By Abby Ng
A classroom full of sixth grade students with bright eyes and open notebooks wait for a prompt from their English teacher as they prepare to write personal essays.
“What social issues do you care about?” Catherine Nelson, College of Education ’14, asks her class at St. Augustine Preparatory Academy on the South Side of Milwaukee.
Hands raise high and students mention climate change and bullying. If Nelson answered the question, she would probably say urban education.
Elizabeth Swarczewski, fifth grade teacher at St. Martini Lutheran School and another College of Education graduate, would likely have the same response.
“It’s easy to generalize and say education is terrible in Milwaukee, but once people actually come and visit [our schools] and see the good that is actually happening, their eyes will be open to more than just that the city is struggling,” Swarczewski said. “In many ways it is and there’s a lot that we can do to make it better, but it starts with each of our schools.”
Nelson’s and Swarczewski’s passions for teaching in central city Milwaukee began at Marquette University when they participated in service learning with the Milwaukee Women’s Center.
“There’s no better place to start your teaching and service experiences than in the city where you go to school,” Swarczewski said.
As volunteers in the childcare center, Nelson and Swarczewski began building relationships with the children, including many that had experienced trauma. It was a moment of realization for Nelson.
“I felt like there was more that I wanted to do with teaching,” she said.
That motivation continued to grow as Nelson and Swarczewski moved into their field placements and started working with the Center for Urban Teaching. After growing up in the suburbs of Chicago, visiting Milwaukee Public Schools was their first exposure to urban education.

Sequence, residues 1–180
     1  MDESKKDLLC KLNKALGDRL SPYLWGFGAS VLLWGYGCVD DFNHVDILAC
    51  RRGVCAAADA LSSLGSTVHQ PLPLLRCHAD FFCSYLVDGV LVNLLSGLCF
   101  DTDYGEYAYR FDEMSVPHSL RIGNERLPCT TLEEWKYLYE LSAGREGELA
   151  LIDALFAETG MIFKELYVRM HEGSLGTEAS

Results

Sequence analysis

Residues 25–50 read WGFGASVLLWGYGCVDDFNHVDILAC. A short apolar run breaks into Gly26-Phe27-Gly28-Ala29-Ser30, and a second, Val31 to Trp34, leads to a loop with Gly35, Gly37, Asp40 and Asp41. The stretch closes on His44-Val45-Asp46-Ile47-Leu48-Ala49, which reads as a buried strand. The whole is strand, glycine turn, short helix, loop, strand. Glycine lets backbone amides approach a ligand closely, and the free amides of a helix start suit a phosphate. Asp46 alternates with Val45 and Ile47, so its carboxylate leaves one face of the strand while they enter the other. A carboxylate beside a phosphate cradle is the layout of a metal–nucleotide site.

“Observing and even helping in those schools really drew me to [urban teaching] because I felt like these were places where students and families really had the need for high quality teachers who love what they do,” Swarczewski said. “Without that I wouldn’t have felt drawn to being in central city Milwaukee.”
Nelson and Swarczewski graduated knowing they wanted to stay in the city, and now, six years later, they have no plans on leaving.
“If I leave, who’s going to [teach]?” Nelson said. “We need consistency, we need people to work together, and there will be change made.”
Although everyday is full of joys and challenges, Swarczewski said there is nowhere else she would rather be.
“My daily work is like going home to my second family,” she said. “It doesn’t feel like a job to me.”
On especially difficult days, Nelson and Swarczewski lean on their faith to keep themselves, their students and the schools’ families strong. Both educators were raised Catholic and knew they wanted to incorporate their religion in their work. In moments of stress, they pray.
“We’re both very dedicated to urban teaching and our kids are coming from situations that I’ve never experienced. I can’t even imagine how else [besides praying] that I would be able to handle certain situations in the best way I can,” Nelson said.
One of the daily challenges of urban teaching can be navigating racial differences, but they have found that being intentional is key.
“Sometimes I wonder how they’re going to take what I’m saying because I might look different or have different experiences, but I do more listening,” Nelson said.
Swarczewski added, “Segregation is not something we can necessarily fix because it’s such a systemic issue, but I can notice that as an issue and say, ‘How am I playing a role in bettering the community, at least the community that I am called to serve in?’”
In the same way Nelson and Swarczewski felt called to teach in Milwaukee, they said they hope more graduates will choose to be educators in the city.
People who have gone through well-known education programs in Wisconsin are uniquely prepared to be teachers, Swarczewski said, and she welcomes them to be part of “a movement toward leveling the playing field and giving high quality educational opportunities to all students no matter what their zip code is.”
Nelson and Swarczewski encourage anyone, not just teachers, to get involved.
“It’s up to the whole city to care about our kids,” Nelson said. “Even if you’re not working at a school, you can still volunteer and give to a school in need. Do something. Kids are the future of Milwaukee.”